Aristophanes, the great comic dramatist of Athens, wrote the Frogs for performance at the Lenaia in late February 405 BC, where it won first prize. The play was written against the backdrop of the final stages of the Peloponnesian War (a long and destructive war between Athens and Sparta). The great tragic playwrights Sophocles and Euripides had died just just a few months earlier; Athens was under blockade by Sparta and her allies, and just six months after the production of Frogs the city was defeated in a major sea battle, and surrendered to Sparta.
Aristophanes' Frogs: the end of an era, by Dr Peter Agócs
First performed at the Athenians' winter festival for Dionysus in 405 BC, the year before democratic Athens' final defeat and collapse in the Peloponnesian War, Frogs is perhaps the most astonishing work of a great comic poet and man of the theatre. Most astonishing and relevant for us, because of its peculiar marriage of the traditional with the modern. It's at once about Dionysus and his festival (reflecting the ideological, socially improving function of tragic performance in Athenian culture from the late sixth century onward) and about reading and what would come, in later times, to be called criticism - a play that pits poet against poet (Aeschylus, the master of the old tradition of the generation of Marathon; Euripides, the poet of rhetoric, lightness, cleverness and sophistry) in a clash of wits, literary styles and aesthetic standards, foregrounding questions of critical judgement and taste that still matter to us today.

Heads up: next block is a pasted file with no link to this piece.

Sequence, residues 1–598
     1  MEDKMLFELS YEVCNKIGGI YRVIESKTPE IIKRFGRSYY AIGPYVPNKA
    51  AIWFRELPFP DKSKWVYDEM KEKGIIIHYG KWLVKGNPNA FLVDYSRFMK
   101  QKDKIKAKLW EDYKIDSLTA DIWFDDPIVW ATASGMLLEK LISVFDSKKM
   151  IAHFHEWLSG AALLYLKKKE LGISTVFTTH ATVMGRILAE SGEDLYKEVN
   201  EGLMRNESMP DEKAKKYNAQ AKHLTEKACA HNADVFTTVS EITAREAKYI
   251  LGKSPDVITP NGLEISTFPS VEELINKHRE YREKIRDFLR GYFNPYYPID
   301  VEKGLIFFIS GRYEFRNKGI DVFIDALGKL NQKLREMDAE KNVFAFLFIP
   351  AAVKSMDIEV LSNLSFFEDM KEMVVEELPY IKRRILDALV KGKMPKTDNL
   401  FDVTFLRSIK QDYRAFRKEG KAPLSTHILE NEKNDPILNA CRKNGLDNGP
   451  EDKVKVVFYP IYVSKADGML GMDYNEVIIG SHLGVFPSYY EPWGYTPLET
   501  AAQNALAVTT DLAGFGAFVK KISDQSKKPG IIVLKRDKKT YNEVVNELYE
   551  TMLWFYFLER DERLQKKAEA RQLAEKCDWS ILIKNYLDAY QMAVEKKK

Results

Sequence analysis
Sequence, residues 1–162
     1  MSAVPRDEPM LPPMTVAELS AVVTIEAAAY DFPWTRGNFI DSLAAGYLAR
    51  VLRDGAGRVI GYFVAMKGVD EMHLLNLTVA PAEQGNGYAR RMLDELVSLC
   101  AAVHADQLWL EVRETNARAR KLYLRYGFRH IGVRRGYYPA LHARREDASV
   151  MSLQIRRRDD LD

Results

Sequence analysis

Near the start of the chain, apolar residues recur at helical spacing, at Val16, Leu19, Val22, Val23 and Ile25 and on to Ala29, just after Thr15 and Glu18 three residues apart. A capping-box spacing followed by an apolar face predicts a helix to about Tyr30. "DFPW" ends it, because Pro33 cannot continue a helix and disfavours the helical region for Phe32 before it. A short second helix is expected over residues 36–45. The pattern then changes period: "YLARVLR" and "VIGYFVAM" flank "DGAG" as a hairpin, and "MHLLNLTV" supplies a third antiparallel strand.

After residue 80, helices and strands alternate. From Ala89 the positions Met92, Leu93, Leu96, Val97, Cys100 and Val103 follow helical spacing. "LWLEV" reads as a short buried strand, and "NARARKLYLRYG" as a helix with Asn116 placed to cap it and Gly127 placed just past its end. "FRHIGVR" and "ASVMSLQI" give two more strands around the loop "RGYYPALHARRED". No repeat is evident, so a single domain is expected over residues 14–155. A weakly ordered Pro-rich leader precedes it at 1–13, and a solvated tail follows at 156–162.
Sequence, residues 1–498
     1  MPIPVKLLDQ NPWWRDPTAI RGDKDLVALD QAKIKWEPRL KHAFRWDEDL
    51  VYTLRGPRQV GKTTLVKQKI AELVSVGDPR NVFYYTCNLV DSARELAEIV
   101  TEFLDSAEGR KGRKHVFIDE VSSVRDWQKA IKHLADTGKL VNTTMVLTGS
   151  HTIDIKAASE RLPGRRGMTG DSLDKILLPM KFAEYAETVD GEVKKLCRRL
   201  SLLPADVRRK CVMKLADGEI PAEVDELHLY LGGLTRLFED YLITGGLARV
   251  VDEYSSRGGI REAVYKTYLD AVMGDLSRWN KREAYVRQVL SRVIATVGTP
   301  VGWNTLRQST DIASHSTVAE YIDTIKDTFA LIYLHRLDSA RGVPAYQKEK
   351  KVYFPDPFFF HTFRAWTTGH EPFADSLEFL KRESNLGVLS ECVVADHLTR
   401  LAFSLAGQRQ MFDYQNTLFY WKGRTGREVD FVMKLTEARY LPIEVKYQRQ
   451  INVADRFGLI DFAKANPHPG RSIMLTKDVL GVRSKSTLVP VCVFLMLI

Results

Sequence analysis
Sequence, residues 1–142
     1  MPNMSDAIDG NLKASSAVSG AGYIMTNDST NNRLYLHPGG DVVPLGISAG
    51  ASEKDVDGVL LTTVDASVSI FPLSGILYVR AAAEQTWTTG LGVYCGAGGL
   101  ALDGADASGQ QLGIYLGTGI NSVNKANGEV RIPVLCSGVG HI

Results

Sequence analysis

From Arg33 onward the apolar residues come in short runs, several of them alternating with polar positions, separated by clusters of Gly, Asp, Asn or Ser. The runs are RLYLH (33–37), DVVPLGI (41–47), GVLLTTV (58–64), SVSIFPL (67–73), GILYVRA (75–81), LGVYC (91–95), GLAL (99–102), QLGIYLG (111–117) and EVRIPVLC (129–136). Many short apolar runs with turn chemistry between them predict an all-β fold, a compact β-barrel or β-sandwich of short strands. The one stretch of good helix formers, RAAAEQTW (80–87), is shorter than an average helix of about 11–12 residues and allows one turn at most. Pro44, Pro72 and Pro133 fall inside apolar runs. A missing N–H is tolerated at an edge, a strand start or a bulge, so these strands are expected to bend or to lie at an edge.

In a very real sense, it's the first surviving (if parodic) document of explicit ancient Greek theorising about literature. It is a play, intended for performance, which enacts a newly literate society's fascination with texts, canons, education and authorship: themes which still ground raging polemic in our own contemporary debates about criticism and cultural politics. Words and lines are pulled apart and refuted, or literally weighed and measured, in an attempt to find a faultless standard of critical judgement; while tragedy's moral purpose is interrogated in a way that belies the cheerful surface vulgarity of Aristophanes' comic style. As the chorus says to the two protagonists of the poets' quarrel, 'lay out your arguments... and if you're afraid of any ignorance in the audience, don't wory about that, because that's no longer how things stand today. They're all experienced! Each has a book and knows the clever points; their natural skills are top-notch, indeed, they're razor-sharp' (1105-16). This is a play for an Athens that has learned to read and thereby lost its innocence regarding myth and the enchantment of language - a city in which even the traditions of dramatic performance itself can be taken apart for the delectation of an audience of all-knowing readers. In this Athens, judging poetry is one strand in a wider net of social, political and cultural judgement: your taste in music and drama betrays who you are as a person. As Richard Hunter has recently shown, this play shows us the complex skein of social and aesthetic issues in which tragedy, as an institution, and the act of judging tragedy, were implicated.